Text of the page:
Seasonal News

Seasonal News

Disaster can be averted:  What we can do to protect insects

Author, Ellen Holtman , active Master Gardener

Scientists have warned for years about the loss of diversity on our planet and especially our loss of insects.  We are told we are living through the sixth great extinction event on earth, the only one caused by our species.  Remember the headlines?  The Insect Apocalypse is Here!

   

 Climate change, along with pesticides and habitat loss, are threatening insect populations worldwide. As we know, insects are essential for the proper functioning of all ecosystems as food for other animals, as pollinators, and for recycling nutrients.  And as renowned biologist E.O. Wilson wrote, “If we were to wipe out insects alone on this planet, the rest of life and humanity with it would mostly disappear from the land.”  According to the largest study to date, insect populations are declining by about 0.92% per year, amounting to 24% fewer insects in 30 years and 50% fewer in 75 years. If the current rate of extinction continues no insects will remain in 100 years. 

 

   If the current rate of extinction continues no insects will remain in 100 years. 

The authors of the new study gave guidelines for land managers and for the agriculture industry, and they suggest nine things that individuals can do to help out the insects.  If you try even one of the following, you will be contributing to the health of our plants including our vegetable gardens and fruit trees.

  1.  Mow your lawn infrequently, reduce its size, or get rid of it.

    Notice how many of the plants are perennials and are very low maintenance.

2.  Plant native plants, which are all that many insects need to survive.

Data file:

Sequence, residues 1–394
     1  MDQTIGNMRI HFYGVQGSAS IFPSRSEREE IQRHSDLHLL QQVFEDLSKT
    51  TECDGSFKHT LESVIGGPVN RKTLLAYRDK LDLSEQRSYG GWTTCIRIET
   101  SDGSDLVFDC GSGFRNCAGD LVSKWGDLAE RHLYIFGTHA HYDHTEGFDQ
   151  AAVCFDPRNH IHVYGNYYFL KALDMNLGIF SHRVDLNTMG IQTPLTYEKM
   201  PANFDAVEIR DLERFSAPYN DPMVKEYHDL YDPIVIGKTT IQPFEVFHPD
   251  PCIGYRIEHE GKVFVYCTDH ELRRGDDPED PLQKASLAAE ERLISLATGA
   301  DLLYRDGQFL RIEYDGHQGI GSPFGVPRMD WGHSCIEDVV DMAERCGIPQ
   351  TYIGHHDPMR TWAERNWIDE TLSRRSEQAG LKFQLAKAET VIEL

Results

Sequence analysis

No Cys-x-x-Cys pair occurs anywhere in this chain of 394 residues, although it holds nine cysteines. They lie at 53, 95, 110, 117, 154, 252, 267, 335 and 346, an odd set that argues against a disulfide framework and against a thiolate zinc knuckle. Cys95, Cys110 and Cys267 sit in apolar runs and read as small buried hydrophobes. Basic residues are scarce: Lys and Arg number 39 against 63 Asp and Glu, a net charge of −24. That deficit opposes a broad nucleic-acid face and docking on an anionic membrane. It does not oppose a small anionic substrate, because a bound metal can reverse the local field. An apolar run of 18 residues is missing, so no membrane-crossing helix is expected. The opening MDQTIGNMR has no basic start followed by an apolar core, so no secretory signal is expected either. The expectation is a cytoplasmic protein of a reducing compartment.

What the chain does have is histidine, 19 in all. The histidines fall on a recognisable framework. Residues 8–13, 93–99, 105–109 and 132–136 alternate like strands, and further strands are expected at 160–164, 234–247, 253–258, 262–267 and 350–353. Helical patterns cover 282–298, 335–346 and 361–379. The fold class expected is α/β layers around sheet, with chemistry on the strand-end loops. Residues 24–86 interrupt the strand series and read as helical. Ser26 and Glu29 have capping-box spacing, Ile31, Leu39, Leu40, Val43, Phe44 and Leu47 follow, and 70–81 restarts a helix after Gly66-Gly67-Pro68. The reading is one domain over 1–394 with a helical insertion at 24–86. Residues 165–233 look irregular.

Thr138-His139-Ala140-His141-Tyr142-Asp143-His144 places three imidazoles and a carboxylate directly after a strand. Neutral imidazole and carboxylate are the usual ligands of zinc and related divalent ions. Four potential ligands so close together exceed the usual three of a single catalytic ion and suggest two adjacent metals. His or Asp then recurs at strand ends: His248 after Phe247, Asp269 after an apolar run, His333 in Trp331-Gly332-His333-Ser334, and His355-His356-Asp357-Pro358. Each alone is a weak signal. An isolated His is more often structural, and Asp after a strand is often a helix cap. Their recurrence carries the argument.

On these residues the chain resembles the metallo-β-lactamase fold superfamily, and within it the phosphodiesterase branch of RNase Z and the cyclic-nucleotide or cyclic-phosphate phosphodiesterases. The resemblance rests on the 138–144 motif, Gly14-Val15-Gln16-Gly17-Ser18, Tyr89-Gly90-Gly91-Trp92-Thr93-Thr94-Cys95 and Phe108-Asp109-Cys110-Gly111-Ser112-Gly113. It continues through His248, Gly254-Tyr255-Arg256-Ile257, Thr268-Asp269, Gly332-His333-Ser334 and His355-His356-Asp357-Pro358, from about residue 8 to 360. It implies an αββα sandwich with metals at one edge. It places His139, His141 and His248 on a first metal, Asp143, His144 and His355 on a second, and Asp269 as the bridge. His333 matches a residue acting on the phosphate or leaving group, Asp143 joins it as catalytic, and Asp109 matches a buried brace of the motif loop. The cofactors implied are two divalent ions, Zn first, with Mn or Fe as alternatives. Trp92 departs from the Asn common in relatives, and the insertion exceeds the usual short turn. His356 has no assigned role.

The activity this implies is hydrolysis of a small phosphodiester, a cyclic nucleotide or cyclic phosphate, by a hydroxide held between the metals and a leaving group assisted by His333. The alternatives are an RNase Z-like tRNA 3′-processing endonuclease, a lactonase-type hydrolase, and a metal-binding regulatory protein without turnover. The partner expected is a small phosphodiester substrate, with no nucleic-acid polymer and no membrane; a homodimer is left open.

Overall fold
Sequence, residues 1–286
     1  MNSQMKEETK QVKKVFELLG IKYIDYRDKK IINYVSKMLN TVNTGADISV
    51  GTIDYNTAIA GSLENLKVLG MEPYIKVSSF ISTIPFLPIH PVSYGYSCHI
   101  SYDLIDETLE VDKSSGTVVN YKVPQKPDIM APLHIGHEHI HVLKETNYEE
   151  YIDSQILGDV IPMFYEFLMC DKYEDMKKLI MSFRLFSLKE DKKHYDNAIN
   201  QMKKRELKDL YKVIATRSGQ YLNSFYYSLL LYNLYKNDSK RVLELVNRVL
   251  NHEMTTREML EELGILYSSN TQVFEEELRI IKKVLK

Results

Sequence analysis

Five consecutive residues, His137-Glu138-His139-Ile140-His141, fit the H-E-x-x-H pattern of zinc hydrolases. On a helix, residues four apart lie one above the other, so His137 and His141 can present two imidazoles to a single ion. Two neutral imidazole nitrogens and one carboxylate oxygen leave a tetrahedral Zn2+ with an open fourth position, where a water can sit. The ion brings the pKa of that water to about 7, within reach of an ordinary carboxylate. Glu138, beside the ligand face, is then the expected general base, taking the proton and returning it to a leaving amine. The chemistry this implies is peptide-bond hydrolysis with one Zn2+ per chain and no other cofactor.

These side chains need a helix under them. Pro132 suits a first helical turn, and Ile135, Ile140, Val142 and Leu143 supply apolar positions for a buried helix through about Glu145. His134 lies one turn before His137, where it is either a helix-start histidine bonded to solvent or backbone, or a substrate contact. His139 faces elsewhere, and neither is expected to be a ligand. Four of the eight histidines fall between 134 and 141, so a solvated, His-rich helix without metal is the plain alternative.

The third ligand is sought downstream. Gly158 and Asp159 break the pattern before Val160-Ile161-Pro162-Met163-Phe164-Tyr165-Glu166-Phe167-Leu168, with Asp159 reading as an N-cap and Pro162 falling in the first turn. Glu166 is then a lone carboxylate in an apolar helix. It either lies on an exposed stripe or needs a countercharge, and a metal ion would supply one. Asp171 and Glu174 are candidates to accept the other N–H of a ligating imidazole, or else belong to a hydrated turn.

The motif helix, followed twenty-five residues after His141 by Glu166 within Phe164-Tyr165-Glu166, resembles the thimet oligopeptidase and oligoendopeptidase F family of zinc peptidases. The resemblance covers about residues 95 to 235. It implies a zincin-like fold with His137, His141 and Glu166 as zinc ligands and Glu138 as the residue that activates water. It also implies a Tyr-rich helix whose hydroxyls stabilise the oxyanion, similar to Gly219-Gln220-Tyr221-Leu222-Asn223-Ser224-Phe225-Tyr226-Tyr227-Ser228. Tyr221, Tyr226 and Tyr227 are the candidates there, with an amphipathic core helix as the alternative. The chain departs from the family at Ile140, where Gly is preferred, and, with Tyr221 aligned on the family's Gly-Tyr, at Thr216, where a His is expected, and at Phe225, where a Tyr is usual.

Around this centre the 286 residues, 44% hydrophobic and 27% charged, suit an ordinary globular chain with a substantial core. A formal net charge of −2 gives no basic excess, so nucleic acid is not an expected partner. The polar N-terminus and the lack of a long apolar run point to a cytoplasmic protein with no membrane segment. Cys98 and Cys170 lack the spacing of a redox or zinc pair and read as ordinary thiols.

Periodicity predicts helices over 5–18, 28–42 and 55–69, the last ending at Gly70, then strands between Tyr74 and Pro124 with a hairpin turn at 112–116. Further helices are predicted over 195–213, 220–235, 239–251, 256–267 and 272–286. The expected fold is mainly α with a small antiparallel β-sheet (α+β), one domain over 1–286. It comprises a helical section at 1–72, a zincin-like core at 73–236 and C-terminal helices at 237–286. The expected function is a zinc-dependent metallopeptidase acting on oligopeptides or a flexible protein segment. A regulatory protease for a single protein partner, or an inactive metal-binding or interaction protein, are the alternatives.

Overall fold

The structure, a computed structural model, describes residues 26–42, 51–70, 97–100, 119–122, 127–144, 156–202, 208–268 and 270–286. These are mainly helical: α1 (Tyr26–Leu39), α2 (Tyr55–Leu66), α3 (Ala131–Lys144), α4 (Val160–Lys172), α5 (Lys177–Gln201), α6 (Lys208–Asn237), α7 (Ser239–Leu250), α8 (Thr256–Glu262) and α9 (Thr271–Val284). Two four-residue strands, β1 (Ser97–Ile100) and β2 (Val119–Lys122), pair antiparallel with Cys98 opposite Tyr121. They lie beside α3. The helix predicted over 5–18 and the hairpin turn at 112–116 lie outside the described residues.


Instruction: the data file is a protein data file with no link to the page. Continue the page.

Check back soon to view our new page on Natives.

3.  Go organic in your garden and in your grocery shopping. Avoid pesticides.

     Who wants to eat something that has pesticides? There are so many organic and alternative methods to rid bugs in our garden!  Call the Help Desk if you would like information.

4.  Leave stumps, logs, old trees and dead leaves alone as they are home to many insects. A brush pile provides shelter for birds as well as insects in winter.

     For those fortunate home owners that have a bit more land and trees, a brush pile might not be so noticeable but for the rest of us, it would be an eyesore!  Try getting some fallen branches and twigs to make a mini “art” piece in your yard.  People have even tied up bundles of twigs and stood them up to make a teepee!  Have your kids help to make it a fun project.  Watch while birds use it to hide in or caterpillars make their cocoons.

5.  Construct an insect hotel, a wooden frame with drilled holes and also spaces  filled with twigs, hollow stems, strips of bark, and other natural materials.  What a creative and functional addition to your yard!

     There are those that are as big as a dresser or built in the Y of a tree.  You can even buy them on line for a reasonable price for those that just don’t have the time to construct these little jewels.  

   

6.  Reduce your carbon footprint. This helps all life, including insects.

7.  Give conservation organizations your support and/or volunteer time.

8.  Do not release wild animals and plants into the wild that could harm native species. Do not import or plant non-native species.

9.  Tune in to the tiny creatures around you and “always look on the small side of life.”